Friendship is a two-way street. We expect our friends to put in the same amount of time and emotional labor into maintaining a relationship as we do ourselves. Of course, we know this isn’t always the case, and I’ll be the first to admit it: with some of my friends, I feel like I am giving less than I’m getting. I’ve flaked on even the best of my best friends, and I fear one day they’ll decide to cut me loose because of it. Continue reading Confession: Sometimes I Use Mental Illness as an Excuse for Flakiness
Therapy can be super awkward. And necessarily so if you’re discussing difficult material. Even if you are talkative and gregarious, you might not know what to say during certain parts of your therapeutic journey. This can be even more of a challenge during online texting therapy because you don’t get your therapist’s visual cues that might prompt you to say something more on a topic.
To help you continue therapy without hesitation when you’re feeling stuck, shy, or just don’t know what to discuss, we created this guide for communicating with therapists online. Use it as a reference whenever you draw a blank or aren’t sure what to say.
Starting the Conversation With Your Therapist
Your therapist will most likely ask several questions to get the ball rolling. Nonetheless, there will be times during the beginning of therapy when you might need to start the conversation. If you can’t think of anything, try one or more of the following: Continue reading When You’re Not Sure What To Say to Your Online Therapist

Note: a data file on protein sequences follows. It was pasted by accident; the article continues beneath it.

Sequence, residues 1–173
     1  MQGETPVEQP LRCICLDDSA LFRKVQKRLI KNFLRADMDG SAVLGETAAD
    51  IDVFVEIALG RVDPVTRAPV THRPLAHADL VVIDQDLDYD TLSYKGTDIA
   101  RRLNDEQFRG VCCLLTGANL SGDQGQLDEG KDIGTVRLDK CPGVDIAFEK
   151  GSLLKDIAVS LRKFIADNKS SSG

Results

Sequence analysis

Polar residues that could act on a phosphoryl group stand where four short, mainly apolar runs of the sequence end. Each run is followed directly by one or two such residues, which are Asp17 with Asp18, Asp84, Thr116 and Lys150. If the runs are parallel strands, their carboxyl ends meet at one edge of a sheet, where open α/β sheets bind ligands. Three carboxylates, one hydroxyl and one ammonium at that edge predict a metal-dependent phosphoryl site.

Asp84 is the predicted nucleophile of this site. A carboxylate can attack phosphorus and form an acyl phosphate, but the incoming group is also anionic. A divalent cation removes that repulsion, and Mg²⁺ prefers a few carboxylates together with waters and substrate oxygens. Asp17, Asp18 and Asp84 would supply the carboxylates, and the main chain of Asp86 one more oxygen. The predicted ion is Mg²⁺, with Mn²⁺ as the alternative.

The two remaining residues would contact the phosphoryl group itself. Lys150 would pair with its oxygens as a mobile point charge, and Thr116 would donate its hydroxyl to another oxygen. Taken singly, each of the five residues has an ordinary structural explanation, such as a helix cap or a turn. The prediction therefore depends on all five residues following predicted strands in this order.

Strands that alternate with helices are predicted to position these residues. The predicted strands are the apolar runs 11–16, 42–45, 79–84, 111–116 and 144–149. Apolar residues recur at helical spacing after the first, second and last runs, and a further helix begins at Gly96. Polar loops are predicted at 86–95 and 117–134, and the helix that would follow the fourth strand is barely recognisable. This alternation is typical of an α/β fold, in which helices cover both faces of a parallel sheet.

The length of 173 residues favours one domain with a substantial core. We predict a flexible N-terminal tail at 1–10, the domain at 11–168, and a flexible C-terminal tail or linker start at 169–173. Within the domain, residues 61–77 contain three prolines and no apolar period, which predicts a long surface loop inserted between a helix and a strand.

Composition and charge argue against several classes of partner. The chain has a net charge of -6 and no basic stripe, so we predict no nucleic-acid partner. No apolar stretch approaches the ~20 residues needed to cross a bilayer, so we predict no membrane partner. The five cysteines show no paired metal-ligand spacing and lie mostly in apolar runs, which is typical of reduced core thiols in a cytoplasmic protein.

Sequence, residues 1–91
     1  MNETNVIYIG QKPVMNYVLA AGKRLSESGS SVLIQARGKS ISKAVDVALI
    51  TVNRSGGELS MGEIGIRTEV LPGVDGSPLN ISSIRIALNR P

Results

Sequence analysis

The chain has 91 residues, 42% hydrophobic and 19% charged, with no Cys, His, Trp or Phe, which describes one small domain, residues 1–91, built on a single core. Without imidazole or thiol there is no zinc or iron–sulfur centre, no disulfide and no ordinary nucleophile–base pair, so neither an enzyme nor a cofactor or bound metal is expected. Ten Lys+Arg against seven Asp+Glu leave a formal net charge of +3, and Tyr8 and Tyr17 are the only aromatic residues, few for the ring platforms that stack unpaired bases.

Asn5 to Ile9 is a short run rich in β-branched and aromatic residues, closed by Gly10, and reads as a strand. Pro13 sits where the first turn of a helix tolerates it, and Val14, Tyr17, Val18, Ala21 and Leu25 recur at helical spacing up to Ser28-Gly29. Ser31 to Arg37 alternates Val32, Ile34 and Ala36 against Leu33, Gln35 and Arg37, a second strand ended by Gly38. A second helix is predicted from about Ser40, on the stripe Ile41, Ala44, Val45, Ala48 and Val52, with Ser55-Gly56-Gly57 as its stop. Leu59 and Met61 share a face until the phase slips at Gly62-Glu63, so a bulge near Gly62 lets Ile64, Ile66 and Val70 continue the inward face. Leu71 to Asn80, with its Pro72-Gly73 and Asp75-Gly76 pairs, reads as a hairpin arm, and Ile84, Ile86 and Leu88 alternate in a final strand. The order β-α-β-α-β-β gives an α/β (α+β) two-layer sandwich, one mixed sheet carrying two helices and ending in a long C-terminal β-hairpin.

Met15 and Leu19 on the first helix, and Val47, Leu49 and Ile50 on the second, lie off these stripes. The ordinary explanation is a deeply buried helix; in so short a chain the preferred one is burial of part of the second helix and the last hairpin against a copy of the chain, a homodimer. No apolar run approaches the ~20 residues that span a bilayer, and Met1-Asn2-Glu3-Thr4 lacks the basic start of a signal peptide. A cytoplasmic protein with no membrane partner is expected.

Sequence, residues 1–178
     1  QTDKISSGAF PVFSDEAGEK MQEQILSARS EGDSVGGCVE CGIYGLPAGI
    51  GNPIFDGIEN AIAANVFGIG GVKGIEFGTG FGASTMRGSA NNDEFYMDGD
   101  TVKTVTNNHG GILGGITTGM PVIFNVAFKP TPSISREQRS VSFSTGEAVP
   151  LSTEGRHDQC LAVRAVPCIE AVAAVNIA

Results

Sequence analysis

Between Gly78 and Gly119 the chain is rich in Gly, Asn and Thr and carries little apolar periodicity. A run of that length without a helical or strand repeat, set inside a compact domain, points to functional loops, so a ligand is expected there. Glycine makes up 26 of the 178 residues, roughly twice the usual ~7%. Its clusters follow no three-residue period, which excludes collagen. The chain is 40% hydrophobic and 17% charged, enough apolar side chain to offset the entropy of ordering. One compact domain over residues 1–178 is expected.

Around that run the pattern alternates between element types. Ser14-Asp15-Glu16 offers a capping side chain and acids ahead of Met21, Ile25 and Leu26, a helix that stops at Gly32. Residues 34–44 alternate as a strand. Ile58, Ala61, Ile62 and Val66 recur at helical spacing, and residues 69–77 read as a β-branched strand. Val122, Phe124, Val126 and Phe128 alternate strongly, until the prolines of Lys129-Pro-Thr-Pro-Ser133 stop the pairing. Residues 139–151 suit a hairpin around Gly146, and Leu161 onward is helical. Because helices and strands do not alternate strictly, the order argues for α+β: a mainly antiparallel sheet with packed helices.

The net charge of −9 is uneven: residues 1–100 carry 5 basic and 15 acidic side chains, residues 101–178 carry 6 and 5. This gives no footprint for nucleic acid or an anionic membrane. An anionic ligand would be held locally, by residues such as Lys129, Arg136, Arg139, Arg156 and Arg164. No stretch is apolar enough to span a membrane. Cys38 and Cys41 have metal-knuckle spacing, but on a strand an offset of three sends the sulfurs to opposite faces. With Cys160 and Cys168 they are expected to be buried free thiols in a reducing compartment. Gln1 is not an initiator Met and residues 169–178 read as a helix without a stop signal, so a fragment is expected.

One of the clearest takeaways from the science regarding addiction treatment: Everyone in recovery needs love and support from other people to help them through the blood, sweat, and tears of overcoming drug or alcohol abuse.
Knowing specifically who to share your addiction and recovery with can be complicated and somewhat nerve-wracking, however. Telling someone you have an addiction entails higher risks than telling them you have asthma or a sprained ankle, after all. “Too Much Information” (TMI) shared with the wrong person can carry consequences you’ll regret. Addiction-related revelations to the wrong people can kill a job or relationship, even your recovery.
Who, then, should you share your addiction and recovery with? Continue reading Who Should You Share Your Addiction and Recovery With?
Millions of people around the world suffer from depression and many of them are actively dating, often using online dating sites. No doubt dating can be difficult when you suffer from depression, but it can also be a tremendous source of happiness when you meet someone special.
Here are some tips to keep in mind if you are dealing with depression and trying to find love — or maybe just trying to enjoy a few fun dates!
1. Think About Professional Help
Dating can be challenging, even more so if you are suffering from depression. If you are considering getting out there, or already dating, you could seek professional advice from a therapist who will help you get the most from the experience. Working with a therapist is a great way to identify and manage mental health issues that come up with dating and relationships. Continue reading Dating With Depression: 8 Tips For A Great Time